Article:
Another important things, “Should you join a group or book one alone?”, try to go on a safari with at least a friend. If that is not possible then join a group, because nothing is more depressing than being on a safari alone. You might make a friend while with a group of vacation goers. The next ever important question, if you decide to book a safari with you and your own group of friends or family, opt for the best vehicle when traveling on exotic safaris like to the Massai Mara as the roads can be very bad. Don’t go cheap at this point or you will regret it.

For the happy shooters of the camera kind, for the other kind you can stop reading and go away, bring lots of spare batteries and memory cards along long lenses of at least 300mm. If you are using Micro 4/3, then this is your chance to get back at all those who laughed at the size of your sensors as 300mm lens is effectively a 600mm lens! You can get some great shots of the wild!

General guidelines to Kenya

Now that I’ve listed what I feel are important tips, here are some last ones to note especially when going around any of the towns and cities.

  1. Oddly the first one I have listed here is, “Not everyone is out to get you, in fact they are ignoring or couldn’t care any less about you. It’s just those desperate ones who does. So try to relax and enjoy, with that being said it does pay to be very wary of your surroundings and not to wonder into alleyways with little in the way to exit unless you’re looking for trouble.
  2. Still that doesn’t mean you should hang out in crowd areas either where people can easily walk up and snatch your bag. Be warned ye who loves to tread in open markets. Because that is when you are most vulnerable.
  3. Bring wet wipes, the place can be very dusty and windy. If out on a safari, use sunblock.
  4. Common sense also dictates that you shouldn’t buy anything illegal, especially ivory. If you want, go on a Safari and see real elephants in the wild, now tell me do you still want to buy ivory after seeing those magnificent creatures?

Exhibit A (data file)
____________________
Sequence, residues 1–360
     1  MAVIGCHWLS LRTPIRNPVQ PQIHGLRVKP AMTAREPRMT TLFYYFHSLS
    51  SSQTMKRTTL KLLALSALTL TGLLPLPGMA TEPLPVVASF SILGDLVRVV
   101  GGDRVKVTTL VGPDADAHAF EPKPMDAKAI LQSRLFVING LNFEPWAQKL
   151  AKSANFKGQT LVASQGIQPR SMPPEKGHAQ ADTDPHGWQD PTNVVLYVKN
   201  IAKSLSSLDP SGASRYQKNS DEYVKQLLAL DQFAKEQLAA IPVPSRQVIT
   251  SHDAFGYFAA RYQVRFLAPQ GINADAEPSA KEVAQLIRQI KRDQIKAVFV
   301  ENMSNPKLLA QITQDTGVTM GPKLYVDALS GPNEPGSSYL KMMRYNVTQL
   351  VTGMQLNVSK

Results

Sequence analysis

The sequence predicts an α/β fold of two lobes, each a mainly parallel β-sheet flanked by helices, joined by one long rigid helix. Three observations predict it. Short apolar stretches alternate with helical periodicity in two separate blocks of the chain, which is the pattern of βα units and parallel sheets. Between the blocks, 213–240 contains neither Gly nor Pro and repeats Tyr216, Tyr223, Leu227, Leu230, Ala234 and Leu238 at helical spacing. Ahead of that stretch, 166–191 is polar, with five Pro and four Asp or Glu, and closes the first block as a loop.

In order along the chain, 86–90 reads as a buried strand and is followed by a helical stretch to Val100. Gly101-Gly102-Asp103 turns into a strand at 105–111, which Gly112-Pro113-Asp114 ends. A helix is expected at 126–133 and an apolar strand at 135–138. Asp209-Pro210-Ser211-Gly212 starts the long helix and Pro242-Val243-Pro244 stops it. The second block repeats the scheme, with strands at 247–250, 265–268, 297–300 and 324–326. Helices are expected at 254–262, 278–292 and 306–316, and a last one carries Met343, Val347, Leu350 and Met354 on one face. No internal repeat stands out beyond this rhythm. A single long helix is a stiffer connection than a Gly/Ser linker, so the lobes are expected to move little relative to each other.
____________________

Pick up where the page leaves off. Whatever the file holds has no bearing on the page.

5. Avoid eating bushmeat at all cost. Want someplace interesting to eat? Try Ethiopian food and Massala tea.
  6. If you want to eat western food, you can go to the many western cafes located about but you will be paying a premium for that type of food there.
  7. Also it’s okay to declined things or offer from people, you do not need to say “yes”. Politely declined and move on, do not get pressured into doing things.
  8. For those who shoot photography, please ensure that when you pass your camera to your friends to help to take photos, that they know how to focus your camera properly unless you want out of focus shots that happened to me. Not everybody is a camera geek.
  9. A shot taken by me using my D600

    A shot taken NOT by me, using my D600. This sadly wouldn’t be the last time this happened as evident by my photos to vietnam.

  10. Finally, keep an open mind and enjoy yourself. But most importantly, stay safe, keep a level head and you should get through just fine.

One thought on “Tips to visiting Nairobi, Kenya.

  1. Pingback: 2014: A year in review | dreaming Artemis